This loop requires much less detail. I ran alone more often than not, hiked the hills, walked some slight inclines I had ran before. Passed some, got passed by some. It was getting pretty darn warm. I had a popsicle at Trout Brook Loop that was the best damn popsicle in the universe. I finished Africa Loop at a jog, rolling hills and all, because I wanted to get out of the sun. I dropped a few folks, which felt weird. Down the hill, up the hill. I hiked up with Kamie, a fairly experienced ultrarunner. Very cool woman. We talked a lot, about running, spouses, Afton. She gave me some great advice, but was worried about my lack of peeing. She also told me that ultrarunners don’t really consider a 50k an ultra. I laughed and said, “That’s just mean!” I kept up with her for a while, but eventually opted to stay back and force down another GU, and she slowly moved off. Up to the campgrounds, now feeling a little hurky, walking some runnable stuff. Being patient with it. It was okay, it was in the bag, I had hours before the cutoff. Back down to the aid station, definitely foggy. An aid station guy kept looking at me and asking if I was okay. Finally I made eye contact and dead-panned, “I’m a little tired.” Then I smiled, we chuckled, I got more freaking disgusting Heed to force down and a cold sponge.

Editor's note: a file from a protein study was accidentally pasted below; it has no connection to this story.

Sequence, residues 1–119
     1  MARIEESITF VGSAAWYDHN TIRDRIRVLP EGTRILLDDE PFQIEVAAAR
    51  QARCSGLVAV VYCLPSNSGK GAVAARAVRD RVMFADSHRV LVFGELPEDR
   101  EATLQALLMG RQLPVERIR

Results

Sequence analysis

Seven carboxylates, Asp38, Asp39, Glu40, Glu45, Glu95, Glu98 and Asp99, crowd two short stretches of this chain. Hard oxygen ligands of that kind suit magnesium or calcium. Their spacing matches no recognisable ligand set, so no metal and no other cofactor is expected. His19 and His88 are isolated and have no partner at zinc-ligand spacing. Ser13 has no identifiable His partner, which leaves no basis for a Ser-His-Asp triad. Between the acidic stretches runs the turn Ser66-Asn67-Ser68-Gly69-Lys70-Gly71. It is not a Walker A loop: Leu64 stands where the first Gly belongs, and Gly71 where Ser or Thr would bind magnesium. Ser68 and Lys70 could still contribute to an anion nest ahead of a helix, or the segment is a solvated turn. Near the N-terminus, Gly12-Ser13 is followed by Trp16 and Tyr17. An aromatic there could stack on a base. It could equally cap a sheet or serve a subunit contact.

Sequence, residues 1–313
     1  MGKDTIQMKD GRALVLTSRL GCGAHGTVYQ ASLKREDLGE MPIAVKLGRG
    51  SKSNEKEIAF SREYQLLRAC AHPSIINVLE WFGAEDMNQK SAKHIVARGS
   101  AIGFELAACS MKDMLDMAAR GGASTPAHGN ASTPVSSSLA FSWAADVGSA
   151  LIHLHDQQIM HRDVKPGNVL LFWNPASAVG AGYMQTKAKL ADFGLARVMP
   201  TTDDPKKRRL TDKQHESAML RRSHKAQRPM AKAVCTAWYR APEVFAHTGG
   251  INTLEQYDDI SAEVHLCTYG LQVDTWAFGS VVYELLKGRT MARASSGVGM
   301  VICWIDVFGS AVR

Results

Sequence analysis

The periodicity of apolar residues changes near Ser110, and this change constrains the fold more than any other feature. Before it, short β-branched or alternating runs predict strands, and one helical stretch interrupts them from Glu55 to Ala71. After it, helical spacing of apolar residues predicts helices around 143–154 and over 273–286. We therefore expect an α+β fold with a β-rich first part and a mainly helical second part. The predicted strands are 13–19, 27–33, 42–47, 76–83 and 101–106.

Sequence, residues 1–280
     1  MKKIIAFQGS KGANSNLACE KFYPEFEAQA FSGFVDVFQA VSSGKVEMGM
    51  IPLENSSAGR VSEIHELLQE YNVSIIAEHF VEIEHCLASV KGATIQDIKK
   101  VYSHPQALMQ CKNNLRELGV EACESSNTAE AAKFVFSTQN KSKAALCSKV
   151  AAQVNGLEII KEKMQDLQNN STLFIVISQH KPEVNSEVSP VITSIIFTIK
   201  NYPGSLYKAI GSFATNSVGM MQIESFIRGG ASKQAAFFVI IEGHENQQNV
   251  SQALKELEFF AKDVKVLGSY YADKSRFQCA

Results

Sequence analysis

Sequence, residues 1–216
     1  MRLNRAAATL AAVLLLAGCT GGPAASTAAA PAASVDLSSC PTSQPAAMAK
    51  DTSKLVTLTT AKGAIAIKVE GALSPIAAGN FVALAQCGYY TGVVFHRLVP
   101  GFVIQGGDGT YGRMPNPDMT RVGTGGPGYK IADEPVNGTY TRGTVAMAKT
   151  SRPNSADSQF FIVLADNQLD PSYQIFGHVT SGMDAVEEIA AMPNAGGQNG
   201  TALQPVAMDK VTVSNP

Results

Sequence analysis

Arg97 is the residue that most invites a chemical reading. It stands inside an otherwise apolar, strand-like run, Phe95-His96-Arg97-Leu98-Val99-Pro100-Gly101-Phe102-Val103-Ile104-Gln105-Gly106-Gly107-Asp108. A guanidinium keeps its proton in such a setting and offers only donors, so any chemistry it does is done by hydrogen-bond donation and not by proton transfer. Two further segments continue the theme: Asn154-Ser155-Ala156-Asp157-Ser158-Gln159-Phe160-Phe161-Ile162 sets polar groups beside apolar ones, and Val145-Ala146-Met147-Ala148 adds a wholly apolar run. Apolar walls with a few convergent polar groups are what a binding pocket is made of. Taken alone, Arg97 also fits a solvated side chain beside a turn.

Then the section of road. My plan on lap two was jog and walk. Somehow I just kept running, and even passed someone. Then The Meat Grinder. Consider me ground. The woman I passed, passed me. General malaise and upset stomach settled in. This was it. I could be done, but I wasn’t done yet. So, you just keep going. I got to the aid station, but it was in full sun so I grabbed some gummis and delicious water and kept going. Caught a couple guys just into Deer Valley Loop, then caught two other guys until IT happened. Lately I’ve been getting light-headed and faint on hills at the end of my longest runs. With two miles left, it was hitting me. I would pass a guy, then would have to actually sit down on a hill so I wouldn’t pass out. Then I’d catch him again. Repeat. There’s a really steep section climbing out, and I got passed by three people. I didn’t mind that, but was still annoyed/ worried about the whole thing. I got to the top, walked a bit and decided I would not be passed any more.